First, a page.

Port or Not to Port
Many know all too well the headaches that are involved when getting chemo weekly. Not only is the process long in most cases, but it’s also ruinous on the veins. Like I always say, everyone’s experience is and can be very different, but I think I can speak for many when I say that having a line drawn for their medication is never an easy process. Though there are various stages of treatment and different medicinal cocktails; most are provided in a variety of ways. Whether Dexamethasone (usually a pill), Velcade (subcutaneous shot), or a Carfilzomib (IV drip); you may adapt to preference if any at all.
My first 'ouch' moment
I always say a needle is a needle, but the complexity of how one form of the method can actually deliver the medicine quicker than other forms is something to be noted. I was on treatment if my memory serves me (sometimes I forget the exact details) for four years. The game plan was to be on a three-year plan... three years! That’s a long time. The added year was to try a new drug that actually got me to remission. The new drug was in the form of an IV.
I was fortunate or I would like to think about skipping the ups and downs or more so downs to having an IV, but this drug did not call for an easier route. It was grueling as I would be plagued with small veins, so that alone made my experience, not the most pleasant. My left arm always did me good over the years whenever blood was needed for any type of lab work. The help of a tourniquet helped pop my vein lovely for what was needed; well less than a year of chemo that changed. My vein delivery became less available, and that left me with an eagle eye (if I was lucky) finding a vein to hold the IV. Unfortunately, there were many ouch moments on more than one occasion.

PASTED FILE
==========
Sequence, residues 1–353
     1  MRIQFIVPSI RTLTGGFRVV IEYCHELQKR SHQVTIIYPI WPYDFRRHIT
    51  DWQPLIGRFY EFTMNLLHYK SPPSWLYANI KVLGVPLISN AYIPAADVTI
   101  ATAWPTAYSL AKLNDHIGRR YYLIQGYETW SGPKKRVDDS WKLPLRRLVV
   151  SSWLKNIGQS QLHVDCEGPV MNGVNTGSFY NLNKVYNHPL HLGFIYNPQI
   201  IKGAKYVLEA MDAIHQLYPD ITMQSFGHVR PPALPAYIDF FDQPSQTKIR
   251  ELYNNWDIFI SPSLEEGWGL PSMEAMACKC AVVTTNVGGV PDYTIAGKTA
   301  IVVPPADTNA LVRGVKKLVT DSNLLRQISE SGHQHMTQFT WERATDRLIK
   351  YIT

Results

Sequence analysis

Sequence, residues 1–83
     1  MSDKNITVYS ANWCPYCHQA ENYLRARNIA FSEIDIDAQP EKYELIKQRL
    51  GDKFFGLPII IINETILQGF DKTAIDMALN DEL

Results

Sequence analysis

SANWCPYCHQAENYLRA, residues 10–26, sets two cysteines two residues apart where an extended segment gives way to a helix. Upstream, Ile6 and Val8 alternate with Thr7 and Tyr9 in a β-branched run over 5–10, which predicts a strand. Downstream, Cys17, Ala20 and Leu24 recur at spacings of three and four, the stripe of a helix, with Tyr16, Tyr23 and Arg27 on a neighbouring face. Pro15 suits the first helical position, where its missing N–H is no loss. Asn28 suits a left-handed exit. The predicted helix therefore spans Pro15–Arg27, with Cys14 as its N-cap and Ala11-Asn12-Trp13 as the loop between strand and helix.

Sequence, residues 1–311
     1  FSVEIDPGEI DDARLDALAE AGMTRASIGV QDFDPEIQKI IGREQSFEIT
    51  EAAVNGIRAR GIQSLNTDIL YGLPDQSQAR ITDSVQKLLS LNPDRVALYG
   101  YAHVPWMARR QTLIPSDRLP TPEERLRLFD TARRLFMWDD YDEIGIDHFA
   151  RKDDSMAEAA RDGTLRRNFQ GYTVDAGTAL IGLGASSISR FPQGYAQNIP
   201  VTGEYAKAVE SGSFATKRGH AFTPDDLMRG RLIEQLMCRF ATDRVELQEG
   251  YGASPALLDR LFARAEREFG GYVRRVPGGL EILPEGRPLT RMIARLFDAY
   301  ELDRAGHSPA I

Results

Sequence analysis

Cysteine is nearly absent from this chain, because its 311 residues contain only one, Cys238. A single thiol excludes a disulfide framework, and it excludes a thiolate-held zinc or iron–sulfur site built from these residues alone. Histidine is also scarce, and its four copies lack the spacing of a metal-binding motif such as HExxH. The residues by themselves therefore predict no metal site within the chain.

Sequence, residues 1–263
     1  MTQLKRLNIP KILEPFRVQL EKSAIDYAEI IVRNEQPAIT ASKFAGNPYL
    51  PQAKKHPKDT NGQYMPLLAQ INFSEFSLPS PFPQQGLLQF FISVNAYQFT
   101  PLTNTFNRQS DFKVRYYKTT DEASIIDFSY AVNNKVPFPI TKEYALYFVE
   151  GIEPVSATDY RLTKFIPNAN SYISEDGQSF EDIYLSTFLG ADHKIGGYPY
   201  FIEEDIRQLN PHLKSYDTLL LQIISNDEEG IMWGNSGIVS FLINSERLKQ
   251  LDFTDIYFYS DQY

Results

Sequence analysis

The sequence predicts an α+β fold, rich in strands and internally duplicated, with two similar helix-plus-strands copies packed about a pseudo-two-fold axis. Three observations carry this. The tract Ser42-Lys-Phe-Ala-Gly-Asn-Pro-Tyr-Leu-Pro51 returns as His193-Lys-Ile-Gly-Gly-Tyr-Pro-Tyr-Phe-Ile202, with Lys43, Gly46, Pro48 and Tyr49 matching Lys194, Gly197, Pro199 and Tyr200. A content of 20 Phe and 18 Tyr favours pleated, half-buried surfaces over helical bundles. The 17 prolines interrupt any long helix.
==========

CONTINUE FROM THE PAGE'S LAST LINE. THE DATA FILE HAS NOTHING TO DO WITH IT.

What is a port?
The only thing I knew about having a port was that I would have this foreign object in my body and the likelihood that it would protrude at my skin was high. Ports are surgically implanted medical appliance that helps access delivery of chemo drugs with IVs, and or drawing of the blood. Ports are usually placed under the skin below the collarbone. I’ve gone through so much I knew for a fact I did not want to endure this despite the pokes and desperate search each time for a fading vein. My choices started to get limited when they would look at my hand or kept draining my right arm that had that one good go-to vein that not fully tainted. I had my limit as it was becoming anxiety-driven every time searching for a vein, and wouldn’t you know that’s when I got the news we would halt treatment as my spike was consistently at zero. I was so very elated.
Getting a port boils down to comfort and fewer hassles. Can ports hurt? I guess it depends; I’ve heard it does make the process of getting blood way easier, and administering medicine quicker. Just like anything researching the facts and asking questions of your team is the best bet to make the best decision on whether or not to proceed with getting one.
Cons (Yes, let’s start with that first)
- Can get clogged, then you may have to endure getting another one placed
- It can move around
- Not everyone is experienced handling a port
- Saves veins from becoming depleted
- No longer have to get pricked with a needle
If having a port seems scary to process, here a few tips to secure your veins in general: Warm body, Drink plenty of water and try to relax.
The time to fight is now, with integrity, grace, hope, and a smile….when you feel like it
Have you met another blood cancer patient?